POL 300 – International Relations
June 3, 2012
Eisenhower “Revised” Introduction
In the United States, the term "doctrine" has been applied to a particular set of presidential statements, usually consisting only of several sentences. (Micheals, 2011)Presidential doctrines have also been defined as "a grand strategy or a master set of principles and guidelines controlling policy decisions. (Micheals, 2011)
Dwight D. Eisenhower was born on October 14, 1890 in Denison, Texas and raised in Kansas. He was born to a poor family and attended public schools his entire ...view middle of the document...
(Chester J. Pach) It envisioned smaller conventional forces, backed up by massive nuclear deterrence. (Dwight D Eisenhower) The assumption was that the United States would respond to any attack with nuclear weapons. (Dwight D Eisenhower) The goal was to keep pressure on the Soviet Union, further evidence of this goal can be found in the Eisenhower Doctrine.
On January 5, 1956, President Eisenhower addressed a special message to Congress on the policy of the United States in the Middle East countries. Soviet’s had intention on expanding communism to the Middle East. Eisenhower singled out the Soviet threat in his doctrine by authorizing the commitment of U.S. forces "to secure and protect the territorial integrity and political independence of such nations, requesting such aid against overt armed aggression from any nation controlled by international communism." (United States Department of State) The U.S. House of Representatives quickly endorsed the new policy; it was not until the 9 of March, and after intense deliberation, that the Senate passed the "Middle East Resolution." (Micheals, 2011)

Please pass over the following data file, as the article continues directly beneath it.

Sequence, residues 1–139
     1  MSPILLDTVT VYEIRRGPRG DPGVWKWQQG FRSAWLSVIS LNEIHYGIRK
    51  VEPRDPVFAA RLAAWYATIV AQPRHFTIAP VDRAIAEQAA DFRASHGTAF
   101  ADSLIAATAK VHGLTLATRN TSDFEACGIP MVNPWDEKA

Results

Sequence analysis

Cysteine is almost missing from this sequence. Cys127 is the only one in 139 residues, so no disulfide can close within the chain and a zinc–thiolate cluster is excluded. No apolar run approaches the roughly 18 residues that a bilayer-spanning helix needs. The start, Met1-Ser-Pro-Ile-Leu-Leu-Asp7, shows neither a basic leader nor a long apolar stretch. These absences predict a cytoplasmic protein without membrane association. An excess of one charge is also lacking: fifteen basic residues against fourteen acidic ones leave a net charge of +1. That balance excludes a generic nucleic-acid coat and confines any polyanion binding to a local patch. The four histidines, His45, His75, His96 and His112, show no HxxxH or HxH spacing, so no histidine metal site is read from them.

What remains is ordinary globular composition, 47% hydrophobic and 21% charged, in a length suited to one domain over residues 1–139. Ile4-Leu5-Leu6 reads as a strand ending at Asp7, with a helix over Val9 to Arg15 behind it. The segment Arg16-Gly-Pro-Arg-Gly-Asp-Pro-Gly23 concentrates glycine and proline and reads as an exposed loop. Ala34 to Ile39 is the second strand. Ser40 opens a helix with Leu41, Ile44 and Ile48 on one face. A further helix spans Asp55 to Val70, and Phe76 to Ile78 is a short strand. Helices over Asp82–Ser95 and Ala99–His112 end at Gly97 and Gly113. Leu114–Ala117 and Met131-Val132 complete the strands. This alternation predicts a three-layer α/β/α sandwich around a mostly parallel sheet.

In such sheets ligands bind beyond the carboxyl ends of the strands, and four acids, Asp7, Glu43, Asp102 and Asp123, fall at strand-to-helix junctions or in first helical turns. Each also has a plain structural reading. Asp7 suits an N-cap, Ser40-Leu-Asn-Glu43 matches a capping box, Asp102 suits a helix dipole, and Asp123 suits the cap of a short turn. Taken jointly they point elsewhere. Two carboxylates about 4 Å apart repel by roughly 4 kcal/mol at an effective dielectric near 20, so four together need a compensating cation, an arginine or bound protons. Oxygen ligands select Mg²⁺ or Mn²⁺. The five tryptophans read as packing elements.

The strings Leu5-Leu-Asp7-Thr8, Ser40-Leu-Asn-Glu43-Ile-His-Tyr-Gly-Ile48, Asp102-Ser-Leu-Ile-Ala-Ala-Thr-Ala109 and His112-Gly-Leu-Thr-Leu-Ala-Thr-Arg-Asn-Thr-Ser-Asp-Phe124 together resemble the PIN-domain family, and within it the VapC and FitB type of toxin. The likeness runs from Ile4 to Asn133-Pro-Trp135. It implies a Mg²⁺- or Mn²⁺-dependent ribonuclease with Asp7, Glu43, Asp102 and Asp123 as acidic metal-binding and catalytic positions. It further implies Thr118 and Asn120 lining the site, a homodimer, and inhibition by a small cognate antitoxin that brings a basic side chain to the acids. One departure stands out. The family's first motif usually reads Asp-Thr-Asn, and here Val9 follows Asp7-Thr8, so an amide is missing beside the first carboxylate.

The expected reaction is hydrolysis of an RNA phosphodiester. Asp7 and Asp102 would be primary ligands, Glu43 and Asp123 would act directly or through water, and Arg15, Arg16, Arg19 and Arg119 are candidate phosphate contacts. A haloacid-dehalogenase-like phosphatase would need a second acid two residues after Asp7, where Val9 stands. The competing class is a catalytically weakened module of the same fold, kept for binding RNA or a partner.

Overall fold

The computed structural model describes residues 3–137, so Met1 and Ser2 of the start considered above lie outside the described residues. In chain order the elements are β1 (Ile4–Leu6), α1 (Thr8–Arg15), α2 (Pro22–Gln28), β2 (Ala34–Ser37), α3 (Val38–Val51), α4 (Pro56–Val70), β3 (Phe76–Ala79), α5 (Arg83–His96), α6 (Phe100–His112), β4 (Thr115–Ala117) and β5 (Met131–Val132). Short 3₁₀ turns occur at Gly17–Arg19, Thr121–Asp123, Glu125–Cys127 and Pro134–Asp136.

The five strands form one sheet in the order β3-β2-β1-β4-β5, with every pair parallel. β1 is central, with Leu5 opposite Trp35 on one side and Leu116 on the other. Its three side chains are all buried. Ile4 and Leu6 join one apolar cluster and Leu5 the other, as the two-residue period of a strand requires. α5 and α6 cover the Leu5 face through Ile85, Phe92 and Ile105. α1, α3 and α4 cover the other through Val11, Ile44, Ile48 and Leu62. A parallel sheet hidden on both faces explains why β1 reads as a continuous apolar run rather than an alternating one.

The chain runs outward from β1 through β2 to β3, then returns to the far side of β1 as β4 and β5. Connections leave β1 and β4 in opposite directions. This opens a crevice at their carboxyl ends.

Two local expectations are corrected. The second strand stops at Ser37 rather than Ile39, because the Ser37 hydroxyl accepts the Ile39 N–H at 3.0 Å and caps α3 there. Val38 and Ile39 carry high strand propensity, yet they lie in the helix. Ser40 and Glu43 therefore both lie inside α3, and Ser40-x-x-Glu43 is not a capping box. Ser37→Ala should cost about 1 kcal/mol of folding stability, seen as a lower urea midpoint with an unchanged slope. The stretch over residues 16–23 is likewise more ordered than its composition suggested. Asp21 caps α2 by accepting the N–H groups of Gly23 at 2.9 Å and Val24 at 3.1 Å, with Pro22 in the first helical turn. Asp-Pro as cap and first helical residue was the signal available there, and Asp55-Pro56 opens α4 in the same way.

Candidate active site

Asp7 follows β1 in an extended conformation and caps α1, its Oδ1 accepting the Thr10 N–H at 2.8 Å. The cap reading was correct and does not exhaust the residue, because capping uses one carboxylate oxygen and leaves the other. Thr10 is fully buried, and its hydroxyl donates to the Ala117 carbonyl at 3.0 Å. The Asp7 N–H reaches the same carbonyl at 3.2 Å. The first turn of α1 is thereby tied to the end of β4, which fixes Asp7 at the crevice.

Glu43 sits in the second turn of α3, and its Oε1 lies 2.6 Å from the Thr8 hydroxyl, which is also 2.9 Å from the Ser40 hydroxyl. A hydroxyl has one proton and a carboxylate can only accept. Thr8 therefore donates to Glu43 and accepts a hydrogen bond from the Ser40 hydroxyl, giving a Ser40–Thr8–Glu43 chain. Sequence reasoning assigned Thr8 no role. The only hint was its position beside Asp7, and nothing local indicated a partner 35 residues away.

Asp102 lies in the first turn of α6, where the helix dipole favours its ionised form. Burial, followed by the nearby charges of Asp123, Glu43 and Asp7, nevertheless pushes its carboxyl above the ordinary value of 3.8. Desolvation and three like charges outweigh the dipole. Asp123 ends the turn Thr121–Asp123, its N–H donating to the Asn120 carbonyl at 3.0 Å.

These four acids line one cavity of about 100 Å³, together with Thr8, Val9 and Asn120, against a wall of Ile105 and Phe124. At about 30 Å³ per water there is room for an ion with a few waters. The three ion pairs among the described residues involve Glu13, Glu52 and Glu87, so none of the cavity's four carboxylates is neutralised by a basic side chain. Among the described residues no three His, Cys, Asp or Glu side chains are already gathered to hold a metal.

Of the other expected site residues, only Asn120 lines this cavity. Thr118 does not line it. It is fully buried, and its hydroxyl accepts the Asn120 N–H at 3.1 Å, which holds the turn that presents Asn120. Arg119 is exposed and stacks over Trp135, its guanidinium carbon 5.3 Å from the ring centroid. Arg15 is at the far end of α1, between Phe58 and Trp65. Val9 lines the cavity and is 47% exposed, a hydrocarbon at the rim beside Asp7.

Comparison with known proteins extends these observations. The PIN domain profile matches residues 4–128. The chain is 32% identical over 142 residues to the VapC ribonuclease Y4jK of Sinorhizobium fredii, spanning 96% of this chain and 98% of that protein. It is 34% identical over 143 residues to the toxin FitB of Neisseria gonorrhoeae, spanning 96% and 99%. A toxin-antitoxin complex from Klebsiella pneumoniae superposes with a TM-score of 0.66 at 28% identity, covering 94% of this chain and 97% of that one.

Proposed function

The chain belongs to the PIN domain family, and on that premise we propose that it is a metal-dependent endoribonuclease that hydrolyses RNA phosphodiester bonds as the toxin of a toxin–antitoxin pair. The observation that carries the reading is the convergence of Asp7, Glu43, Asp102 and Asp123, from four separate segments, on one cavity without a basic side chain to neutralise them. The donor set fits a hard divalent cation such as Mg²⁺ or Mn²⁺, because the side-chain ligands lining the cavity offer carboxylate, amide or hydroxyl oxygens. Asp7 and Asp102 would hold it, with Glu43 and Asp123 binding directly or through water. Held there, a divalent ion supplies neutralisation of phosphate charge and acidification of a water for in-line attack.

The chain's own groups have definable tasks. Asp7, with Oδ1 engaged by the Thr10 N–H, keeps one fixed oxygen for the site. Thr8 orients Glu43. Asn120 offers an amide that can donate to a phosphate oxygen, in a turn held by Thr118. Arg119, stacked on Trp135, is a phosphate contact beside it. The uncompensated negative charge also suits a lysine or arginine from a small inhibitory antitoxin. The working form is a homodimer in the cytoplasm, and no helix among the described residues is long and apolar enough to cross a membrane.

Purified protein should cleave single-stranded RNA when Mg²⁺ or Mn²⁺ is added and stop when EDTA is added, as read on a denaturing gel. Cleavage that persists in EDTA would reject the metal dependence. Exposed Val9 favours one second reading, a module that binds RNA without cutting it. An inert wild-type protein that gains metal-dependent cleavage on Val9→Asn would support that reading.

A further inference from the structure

The Eisenhower Administration's decision to issue this doctrine was motivated in part by an increase in Arab hostility toward the West, and growing Soviet influence in Egypt and Syria following the Suez Crisis of 1956. (United States Department of State) The Eisenhower Doctrine also sought to contain the radical Arab nationalism of Egyptian president Gamal Abdel Nasser and to discredit his policy of "positive neutrality" in the Cold War, which held that Arab nations were entitled to enjoy profitable relations with both Cold War blocs. (Yaqub, 2003) Through economic aid, military aid, and explicit guarantees of American protection, the administration hoped to encourage such governments to side openly with the West in the Cold War, thus isolating Nasser and his regional allies, among them the Syrian government and Nasserist opposition parties in other Arab countries. (Yaqub, 2003)
American presidents have had a penchant for enunciating foreign policy "doctrines" or claiming as their own the label of "doctrine" that others have given a particular policy statement they had made. (Micheals, 2011) But, there is no evidence that Eisenhower had intended for his Middle East speech to be cast as a "doctrine," a label that was given to the speech by the press. (Micheals, 2011) However, as will be shown, the fact that the speech was labeled a "doctrine" had important ramifications for U.S. policy that might not have existed absent the label. (Micheals, 2011)
Eisenhower “Doctrine in Practice”
The United States first invoked the Eisenhower Doctrine in the Jordanian crisis of April 1957, and again in August 1957 when a perceived Syrian‐Soviet rapprochement threatened the stability of the region. (Chambers, 2000) But the first real test of the Eisenhower Doctrine came in 1958 in Lebanon, President Camille Chamoun, requested...